President Trump is not entirely to blame for the deterioration of democracy in America. He merely poured gasoline on a fire that was already burning.
That is if you agree with the following description of democracy.
A democracy is a society in which every x number of years representatives of regions and districts, who are often from various and often opposing parties are duly and fairly elected. Duly and fairly is what differentiate a democracy from a dictatorship.
After such individuals are elected in a democracy, the people from the electorate that opposed them willingly cooperate with those leaders in solving problems that those officials and their party deem to be in the best interest of the majority of the people whose district they represent.
If the losing party and its followers refuse to do so, they have no right to expect that if and when people from their party are elected in a subsequent election that the people from the opposing – and then losing – side will then cooperate with them.
Following their being elected, it will be up to those officials and their party to make a compelling and convincing case for how their solutions and initiatives are in the best interest of the majority of the people whose regions and districts they represent.
Additionally, in a humane democracy, solutions will also be provided for those individuals who may not be in the majority but are truly hurting from economic, health hardship and adversity not of their own doing, and who are legitimately in need of such help.
That is if you believe that the measure of a humane democracy and civilization is not only how it responds to those who have hurt or opposed it, but also how it responds to those who are hurting in it.
In a democracy, rather than an opposing and losing party and its followers blocking and stymieing any and all effort by the dominant party to make progress (a.k.a. gridlock), they will cooperate again as long as the elected representatives’ and his/her party’s strategies are in the interest of the majority of citizens and also those who are truly in desperate need.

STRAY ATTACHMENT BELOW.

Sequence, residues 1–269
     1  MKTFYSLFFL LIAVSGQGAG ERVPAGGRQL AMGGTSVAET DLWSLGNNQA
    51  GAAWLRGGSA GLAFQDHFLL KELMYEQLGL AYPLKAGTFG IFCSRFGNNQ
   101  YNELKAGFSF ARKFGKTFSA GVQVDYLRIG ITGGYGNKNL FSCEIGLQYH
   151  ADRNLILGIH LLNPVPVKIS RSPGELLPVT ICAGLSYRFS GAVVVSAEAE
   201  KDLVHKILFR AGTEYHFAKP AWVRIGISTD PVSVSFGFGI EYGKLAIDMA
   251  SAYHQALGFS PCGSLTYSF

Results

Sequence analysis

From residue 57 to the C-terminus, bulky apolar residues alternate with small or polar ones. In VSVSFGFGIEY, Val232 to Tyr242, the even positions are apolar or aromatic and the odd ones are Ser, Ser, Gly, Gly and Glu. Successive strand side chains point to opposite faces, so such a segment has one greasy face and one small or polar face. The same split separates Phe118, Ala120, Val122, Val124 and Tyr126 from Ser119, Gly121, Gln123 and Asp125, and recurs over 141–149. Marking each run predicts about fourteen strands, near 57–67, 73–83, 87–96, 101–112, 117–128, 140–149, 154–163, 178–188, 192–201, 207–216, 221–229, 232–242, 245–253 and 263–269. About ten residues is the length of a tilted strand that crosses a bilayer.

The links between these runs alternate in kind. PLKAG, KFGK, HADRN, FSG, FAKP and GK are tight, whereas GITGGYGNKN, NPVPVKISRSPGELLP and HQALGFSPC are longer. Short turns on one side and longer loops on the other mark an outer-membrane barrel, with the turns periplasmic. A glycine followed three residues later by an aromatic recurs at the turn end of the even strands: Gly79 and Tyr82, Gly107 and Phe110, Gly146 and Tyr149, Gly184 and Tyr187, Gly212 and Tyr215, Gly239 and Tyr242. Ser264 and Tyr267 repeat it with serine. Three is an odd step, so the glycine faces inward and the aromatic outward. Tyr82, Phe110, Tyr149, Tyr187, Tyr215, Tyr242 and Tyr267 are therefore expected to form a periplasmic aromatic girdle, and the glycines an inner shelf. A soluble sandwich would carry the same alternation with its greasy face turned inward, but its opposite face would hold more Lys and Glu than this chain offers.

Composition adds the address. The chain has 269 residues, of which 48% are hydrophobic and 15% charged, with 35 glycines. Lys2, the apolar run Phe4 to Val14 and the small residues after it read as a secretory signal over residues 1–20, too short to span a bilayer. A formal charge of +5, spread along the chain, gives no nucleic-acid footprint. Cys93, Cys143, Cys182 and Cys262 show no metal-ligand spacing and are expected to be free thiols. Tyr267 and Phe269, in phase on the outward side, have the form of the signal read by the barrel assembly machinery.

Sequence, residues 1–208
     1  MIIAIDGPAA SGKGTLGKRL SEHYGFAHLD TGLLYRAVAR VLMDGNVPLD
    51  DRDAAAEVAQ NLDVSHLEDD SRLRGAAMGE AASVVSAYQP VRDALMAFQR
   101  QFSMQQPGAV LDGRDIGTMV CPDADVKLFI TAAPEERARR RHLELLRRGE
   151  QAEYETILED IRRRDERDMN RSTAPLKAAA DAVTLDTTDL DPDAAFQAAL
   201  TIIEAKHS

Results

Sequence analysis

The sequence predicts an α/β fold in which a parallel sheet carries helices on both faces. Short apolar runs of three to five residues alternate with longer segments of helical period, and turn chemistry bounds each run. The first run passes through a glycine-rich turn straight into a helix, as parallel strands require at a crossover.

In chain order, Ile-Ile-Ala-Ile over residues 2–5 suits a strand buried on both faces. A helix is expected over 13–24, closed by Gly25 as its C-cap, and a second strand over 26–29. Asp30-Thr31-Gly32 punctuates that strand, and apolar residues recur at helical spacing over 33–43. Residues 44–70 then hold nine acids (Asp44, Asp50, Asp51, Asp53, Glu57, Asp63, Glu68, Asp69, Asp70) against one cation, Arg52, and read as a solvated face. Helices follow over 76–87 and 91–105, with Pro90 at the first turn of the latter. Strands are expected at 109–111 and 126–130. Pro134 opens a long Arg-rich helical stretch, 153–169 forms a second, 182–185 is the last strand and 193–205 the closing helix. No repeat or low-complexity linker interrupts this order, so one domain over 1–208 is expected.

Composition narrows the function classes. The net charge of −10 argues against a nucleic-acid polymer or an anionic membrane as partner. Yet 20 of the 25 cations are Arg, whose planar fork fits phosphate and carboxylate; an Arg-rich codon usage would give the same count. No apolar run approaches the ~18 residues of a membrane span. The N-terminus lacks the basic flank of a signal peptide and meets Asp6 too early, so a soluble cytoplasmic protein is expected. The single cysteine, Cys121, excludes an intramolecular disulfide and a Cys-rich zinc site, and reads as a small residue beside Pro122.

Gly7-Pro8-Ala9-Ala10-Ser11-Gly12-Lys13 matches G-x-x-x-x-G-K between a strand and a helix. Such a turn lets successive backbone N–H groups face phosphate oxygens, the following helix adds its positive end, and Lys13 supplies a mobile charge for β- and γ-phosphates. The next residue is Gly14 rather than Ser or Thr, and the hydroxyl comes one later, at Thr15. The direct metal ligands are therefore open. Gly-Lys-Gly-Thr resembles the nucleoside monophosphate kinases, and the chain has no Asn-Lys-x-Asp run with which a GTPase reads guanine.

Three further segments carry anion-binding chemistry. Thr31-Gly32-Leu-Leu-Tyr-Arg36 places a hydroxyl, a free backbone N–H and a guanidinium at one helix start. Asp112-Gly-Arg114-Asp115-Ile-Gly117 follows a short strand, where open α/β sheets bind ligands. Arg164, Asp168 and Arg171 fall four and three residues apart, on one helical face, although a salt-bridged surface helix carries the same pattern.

Also in a democracy, not only will the electorate from the losing party cooperate to help the winning party achieve its “serving the majority” goals, the elected representatives will serve as an advocate for the entire region they represent first, before they serve their party’s partisan platform and objectives (currently it appears that priorities for such representatives is: a. be re-elected; b. be party faithful; c. serve the people who elected you and the region you represent).
The President of the United States, whether he or she is a Republican or Democrat, serves as the president of all Americans, not just those allegiant to his/her party.
In a democracy if the electorate is unhappy and legitimately disappointed in the incumbent people who represent them, they have the option to vote in someone else at the next election.
If the above criteria are not agreed or adhered to, I would postulate that a democracy doesn’t exist.
What do you think?